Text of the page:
An alternative would be to have walkways between SFS’s allowing some separation, but the connection may not be strong enough to withstand flexing due to wave action.

    Would you object to people crossing your property en-route to another SFS, it would be a way of creating community spirit and making new friends, but if the majority consider it Trespass then the idea is a non-starter.

    #10367
    Avatar of xmaraner
    xmaraner
    Participant

    One way to look at it is that part of each STS is a business, with a storefront and/or office. It is in each propietor’s best interest (depending on their business model) to create public access to their goods and services.

    No doubt, the concept of common property is anathema to many of the libertarians here. However, the idea of forming a community is to leverage synergies of living and working together. There are obvious benefits that accrue to individuals because they are part of a community: safety, security, social options, transportation efficiencies, infrastructural and industrial economies of scale, and economic competition, to name just a few. Although there is a net positive value to these benefits (else who would do it?), there are some costs to maintaining a community. I would suggest that rather than individually setting up rooftop tolls, and/or creating a community tax (cringe), that at least part of the costs of maintaining a community be a default right of way. In a modular system, if someone wants isolation, all they need to do is disconnect from the community and sail away.

    Greg

    http://Xmaran.org

    #10368
    Avatar of
    Anonymous

    Thanks for your reply, it was my intention that others would have free access through each rooftop to reach other SFS’s without charge or hindrance. my SFS includes a workshop that could be used to earn a living and a market stall could be set up on the roof if the product will fit through the doors, otherwise one section of wall on the first floor pivots down to become a loading bay with electric hoist, this prevents SFS’s being linked more than two units wide, but a rectangular block with “holes” in it allows 80 SFS’s to link with all having their loading bays accessible yet only requiring an area of 140 x 100 metres, so it could be surrounded by a floating breakwater and possibly wave power station.

    #10369
    Avatar of xmaraner
    xmaraner
    Participant

    ellmer - http://yook3.com wrote:
    Housing cost must be simiar to land based housing (cost per squaremeter) .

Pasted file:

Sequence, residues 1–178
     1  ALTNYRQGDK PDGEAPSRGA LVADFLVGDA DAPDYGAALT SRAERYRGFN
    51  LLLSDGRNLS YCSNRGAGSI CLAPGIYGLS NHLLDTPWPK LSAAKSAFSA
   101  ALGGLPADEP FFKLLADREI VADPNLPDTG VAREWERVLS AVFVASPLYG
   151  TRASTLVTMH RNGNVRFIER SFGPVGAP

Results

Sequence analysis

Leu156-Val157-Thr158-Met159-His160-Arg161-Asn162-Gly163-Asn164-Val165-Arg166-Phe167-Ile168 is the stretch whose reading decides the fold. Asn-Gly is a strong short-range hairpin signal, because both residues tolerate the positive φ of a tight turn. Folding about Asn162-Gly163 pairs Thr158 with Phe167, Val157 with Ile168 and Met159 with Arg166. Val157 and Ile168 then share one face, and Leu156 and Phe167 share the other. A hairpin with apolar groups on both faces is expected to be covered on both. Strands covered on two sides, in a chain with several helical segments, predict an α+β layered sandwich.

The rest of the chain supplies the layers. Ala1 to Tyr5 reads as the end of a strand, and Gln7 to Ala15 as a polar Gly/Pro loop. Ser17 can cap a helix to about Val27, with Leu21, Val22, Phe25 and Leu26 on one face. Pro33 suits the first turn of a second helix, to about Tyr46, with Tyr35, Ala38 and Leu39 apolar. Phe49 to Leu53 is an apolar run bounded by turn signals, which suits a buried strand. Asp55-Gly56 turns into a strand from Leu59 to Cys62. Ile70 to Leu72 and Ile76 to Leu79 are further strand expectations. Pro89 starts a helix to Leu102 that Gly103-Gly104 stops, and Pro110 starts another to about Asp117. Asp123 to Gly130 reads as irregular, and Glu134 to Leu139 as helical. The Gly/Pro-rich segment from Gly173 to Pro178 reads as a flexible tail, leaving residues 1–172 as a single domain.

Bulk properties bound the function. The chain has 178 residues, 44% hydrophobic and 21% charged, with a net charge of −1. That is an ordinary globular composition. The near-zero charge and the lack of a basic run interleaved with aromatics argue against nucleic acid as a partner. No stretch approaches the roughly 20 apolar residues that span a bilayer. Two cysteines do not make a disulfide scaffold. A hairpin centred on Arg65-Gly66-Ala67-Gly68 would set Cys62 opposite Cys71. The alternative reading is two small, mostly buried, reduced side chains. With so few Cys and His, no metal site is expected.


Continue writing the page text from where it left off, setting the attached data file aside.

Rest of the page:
Housing construction costs will be determined by the technology and the physical demands of the location. Since land based housing has a huge lead (er, thousands of years) in technology, it is simply not reasonable to expect that the housing cost be the same for a seastead as a for a landstead. The structural engineering requirements for a seastead are obviously much greater than they are for a landstead. This is going to be reflected in the cost per square foot. Supply and demand of surface area will eventually trump construction costs, and as land becomes more overcrowded, more people will want to pay a premium for space (and freedom). Freedom ain’t free.

    ellmer - http://yook3.com wrote:
    The next neighbour must be at least 100m away of your living room window.

    Modular living at sea simply isn’t comparable to land living. In an Xmaran community, if you don’t like your neighbors you move your unit somewhere else. Because they are sail powered, the cost of moving is negligible. The reduction in freedom of mobility by foot is more than offset by the freedom of mobility of the entire SFS.

    ellmer - http://yook3.com wrote:
    Connection between individual units of different size and shape must be possible. (strongly individualistic solutions must be possible)

    The SEASTAR concept and GRID SEASTEADING delivers this.

    I agree that customization is a requirement, but there has to also be some standard of conformity, and aguably some standard of structural integrity, since flotsam can be a serious safety concern for the community, especially in a storm. For Xmaran, I envision as many flavors as there are of linux OS.

    I do really like both of your concepts, especially SEASTAR, but I believe XMARAN offers more mobility/freedom at sea. Realistically, I also think the per unit cost will be significantly lower, and Xmaran will also be able to capture some of the yachting/cruising market out of the box.

    How do you envision people will move between units for SEASTAR?

    Greg

    http://Xmaran.org

Viewing 8 posts - 16 through 23 (of 23 total)